I took my colander and my “solar viewers” to Central Park on Monday to enjoy the eclipse. I wanted to experience this moment in a crowd of people, and I wasn’t disappointed—the park was packed. It was a festive way to enjoy the experience. One of the biggest surprises: How much the temperature dropped. One of my favorite moments: When we all burst into applause when the sun was at its most covered.

5 Things Making Me Happy​

The excitement around this week’s eclipse reminded me of one of my Secrets of Adulthood: “Just as crowds marvel at the sun only on the day of the eclipse, the more reliable we are, the more others take us for granted—and the more starkly any mistake stands out.”

National Siblings Day was April 10th. On a recent trip to our hometown, Kansas City, my sister and I recreated old family photos together. It’s so fun to engage with these old memories in new ways.

When I was researching Life in Five Senses, I was surprised to realize how little research has been done on the healing aspects of touch, so I was interested to see that a large scientific review tackled that subject—I think this is a very useful aspect to explore. For instance, researchers note the massive benefits of touch for premature babies. My daughter Eliza was born prematurely, and I’m so grateful that her doctors knew to encourage me to do “kangaroo care”—I sat in a glider holding her against my bare stomach for hours each day until she came home from the hospital. Intriguing: research suggests that newborn babies benefit more from their parents’ touch than from a stranger’s touch. One thing I learned from writing Life in Five Senses is that I’m far more touch-focused than I realized. (I’m still puzzled by how I couldn’t know such an obvious thing about myself! But that’s why I needed to write that book.)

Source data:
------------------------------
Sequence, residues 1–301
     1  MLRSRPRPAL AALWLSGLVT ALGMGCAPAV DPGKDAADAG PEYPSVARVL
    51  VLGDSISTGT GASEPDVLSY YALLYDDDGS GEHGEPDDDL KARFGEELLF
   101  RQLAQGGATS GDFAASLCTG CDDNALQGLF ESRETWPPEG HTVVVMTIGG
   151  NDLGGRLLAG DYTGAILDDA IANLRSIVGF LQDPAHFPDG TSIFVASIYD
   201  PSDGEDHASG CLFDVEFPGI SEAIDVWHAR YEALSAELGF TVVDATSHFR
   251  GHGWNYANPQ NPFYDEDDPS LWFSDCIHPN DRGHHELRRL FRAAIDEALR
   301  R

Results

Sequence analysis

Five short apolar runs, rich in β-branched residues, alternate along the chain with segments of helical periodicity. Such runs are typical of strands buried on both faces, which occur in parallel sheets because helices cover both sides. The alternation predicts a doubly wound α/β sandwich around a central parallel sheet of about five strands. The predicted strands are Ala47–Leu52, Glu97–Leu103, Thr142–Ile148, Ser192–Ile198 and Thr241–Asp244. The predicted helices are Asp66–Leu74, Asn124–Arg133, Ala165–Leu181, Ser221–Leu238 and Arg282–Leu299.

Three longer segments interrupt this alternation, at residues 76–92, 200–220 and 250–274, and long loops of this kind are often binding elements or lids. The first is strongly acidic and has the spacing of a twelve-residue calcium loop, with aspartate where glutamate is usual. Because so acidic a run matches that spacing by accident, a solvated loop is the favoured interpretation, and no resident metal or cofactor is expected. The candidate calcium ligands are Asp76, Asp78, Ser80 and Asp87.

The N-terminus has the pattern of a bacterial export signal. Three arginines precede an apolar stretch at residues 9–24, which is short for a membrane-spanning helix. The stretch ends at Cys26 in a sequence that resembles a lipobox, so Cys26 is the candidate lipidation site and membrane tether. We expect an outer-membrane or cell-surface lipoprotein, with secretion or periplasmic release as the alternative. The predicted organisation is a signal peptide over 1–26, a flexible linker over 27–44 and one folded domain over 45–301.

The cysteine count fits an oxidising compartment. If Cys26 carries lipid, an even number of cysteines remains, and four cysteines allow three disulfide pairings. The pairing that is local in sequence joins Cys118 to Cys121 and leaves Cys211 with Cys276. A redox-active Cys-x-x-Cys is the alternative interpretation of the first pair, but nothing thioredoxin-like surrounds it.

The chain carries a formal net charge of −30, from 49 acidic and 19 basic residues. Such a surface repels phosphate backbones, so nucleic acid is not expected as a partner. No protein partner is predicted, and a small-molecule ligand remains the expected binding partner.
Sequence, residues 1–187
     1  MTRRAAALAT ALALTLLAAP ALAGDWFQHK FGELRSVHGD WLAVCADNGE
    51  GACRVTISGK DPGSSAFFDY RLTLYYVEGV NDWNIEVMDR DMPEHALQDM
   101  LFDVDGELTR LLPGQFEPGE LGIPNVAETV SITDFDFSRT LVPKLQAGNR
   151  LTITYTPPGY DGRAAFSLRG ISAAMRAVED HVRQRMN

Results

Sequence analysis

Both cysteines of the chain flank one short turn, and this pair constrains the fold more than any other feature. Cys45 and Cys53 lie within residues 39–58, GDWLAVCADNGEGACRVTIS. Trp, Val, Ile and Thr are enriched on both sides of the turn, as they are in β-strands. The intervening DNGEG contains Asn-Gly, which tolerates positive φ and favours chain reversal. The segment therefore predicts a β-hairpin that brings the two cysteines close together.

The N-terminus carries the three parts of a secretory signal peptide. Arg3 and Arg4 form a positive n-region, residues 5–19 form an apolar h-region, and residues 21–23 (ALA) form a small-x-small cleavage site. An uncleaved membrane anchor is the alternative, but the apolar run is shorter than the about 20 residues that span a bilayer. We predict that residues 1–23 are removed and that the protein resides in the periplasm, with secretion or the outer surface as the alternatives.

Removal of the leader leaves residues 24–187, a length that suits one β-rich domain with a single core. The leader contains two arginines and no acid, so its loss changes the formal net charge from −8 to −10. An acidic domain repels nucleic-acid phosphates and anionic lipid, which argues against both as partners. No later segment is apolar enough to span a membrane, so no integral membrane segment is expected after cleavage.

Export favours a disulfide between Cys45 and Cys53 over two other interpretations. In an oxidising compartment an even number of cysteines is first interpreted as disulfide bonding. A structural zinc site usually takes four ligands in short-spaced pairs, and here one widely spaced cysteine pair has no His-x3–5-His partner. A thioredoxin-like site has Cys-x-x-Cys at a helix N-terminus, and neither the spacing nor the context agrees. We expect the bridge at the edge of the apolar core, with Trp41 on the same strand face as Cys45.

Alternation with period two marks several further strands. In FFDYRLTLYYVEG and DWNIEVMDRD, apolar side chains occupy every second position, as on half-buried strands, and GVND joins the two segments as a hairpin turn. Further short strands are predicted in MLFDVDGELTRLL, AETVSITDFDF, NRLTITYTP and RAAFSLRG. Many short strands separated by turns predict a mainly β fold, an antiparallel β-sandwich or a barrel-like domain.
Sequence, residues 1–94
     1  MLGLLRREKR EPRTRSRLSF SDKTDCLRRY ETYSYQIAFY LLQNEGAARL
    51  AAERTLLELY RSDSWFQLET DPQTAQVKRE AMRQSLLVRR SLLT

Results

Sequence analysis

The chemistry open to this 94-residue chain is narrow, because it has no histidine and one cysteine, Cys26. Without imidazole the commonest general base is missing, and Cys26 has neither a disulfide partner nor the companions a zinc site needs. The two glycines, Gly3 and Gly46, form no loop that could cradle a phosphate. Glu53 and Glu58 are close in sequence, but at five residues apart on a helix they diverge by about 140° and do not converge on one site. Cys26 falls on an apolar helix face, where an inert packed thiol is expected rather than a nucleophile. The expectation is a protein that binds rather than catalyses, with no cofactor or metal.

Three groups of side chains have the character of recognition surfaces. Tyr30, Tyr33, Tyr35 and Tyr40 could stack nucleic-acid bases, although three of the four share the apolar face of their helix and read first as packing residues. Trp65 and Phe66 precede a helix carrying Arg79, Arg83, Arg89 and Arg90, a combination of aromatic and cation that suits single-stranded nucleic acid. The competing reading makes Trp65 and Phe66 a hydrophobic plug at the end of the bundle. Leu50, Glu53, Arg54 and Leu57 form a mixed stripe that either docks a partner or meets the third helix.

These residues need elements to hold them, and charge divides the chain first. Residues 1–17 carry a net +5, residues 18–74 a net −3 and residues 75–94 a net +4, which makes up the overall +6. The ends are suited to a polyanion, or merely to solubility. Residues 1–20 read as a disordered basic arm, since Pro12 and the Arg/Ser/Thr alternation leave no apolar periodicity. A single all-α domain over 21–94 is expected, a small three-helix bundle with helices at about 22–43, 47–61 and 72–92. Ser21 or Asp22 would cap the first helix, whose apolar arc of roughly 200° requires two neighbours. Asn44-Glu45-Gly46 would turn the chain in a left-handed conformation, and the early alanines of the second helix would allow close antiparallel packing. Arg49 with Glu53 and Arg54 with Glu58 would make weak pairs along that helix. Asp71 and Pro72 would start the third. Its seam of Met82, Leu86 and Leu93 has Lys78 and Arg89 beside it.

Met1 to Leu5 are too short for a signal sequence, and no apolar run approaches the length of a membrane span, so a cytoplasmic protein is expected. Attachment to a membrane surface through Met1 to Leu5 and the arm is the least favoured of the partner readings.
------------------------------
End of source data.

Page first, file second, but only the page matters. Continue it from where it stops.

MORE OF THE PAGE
One highlight of my week was attending a celebration for author Anne Lamott. She just published her twentieth book—Somehow: Thoughts on Love—and she just turned seventy years old. I love Anne’s work and have read just about everything she has written. For a very long time, I’ve had a special feeling for her, because she and I served as bridesmaids together. Our mutual friend’s wedding happened when I was in law school, and I was so awed in Anne’s presence that I don’t think I spoke a word to her.

As I read, I pay special attention to remarkable similes and metaphors. Here are a few that caught my eye recently: “The biggest piece of art was a large white canvas that looked like a wall hanging on a wall.” —From Leslie Jamison, Splinters. “Two stylists yanked me inside as if I were a spy about to blow my cover.” —From Sloane Crosley, Look Alive Out There. “From the moment I held the box of colors in my hands, I knew this was my life. I threw myself into it like a beast that plunges towards the thing it loves.” —Henry Matisse with Pierre Courthion, Chatting with Matisse.


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This week on Happier with Gretchen Rubin


We talk about why it’s a good idea to show ourselves (inspired by a Hollywood headshot story). We also tackle a listener’s question about how to recognize when we’ve become a mentor and the happiness stumbling block of dreading plans, even when they will be a lot of fun. Plus a listener suggests a great hack for using an Altoids tin.

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Every Friday, Gretchen Rubin shares 5 things that are making her happier, asks readers and listeners questions, and includes exclusive updates and behind-the-scenes material.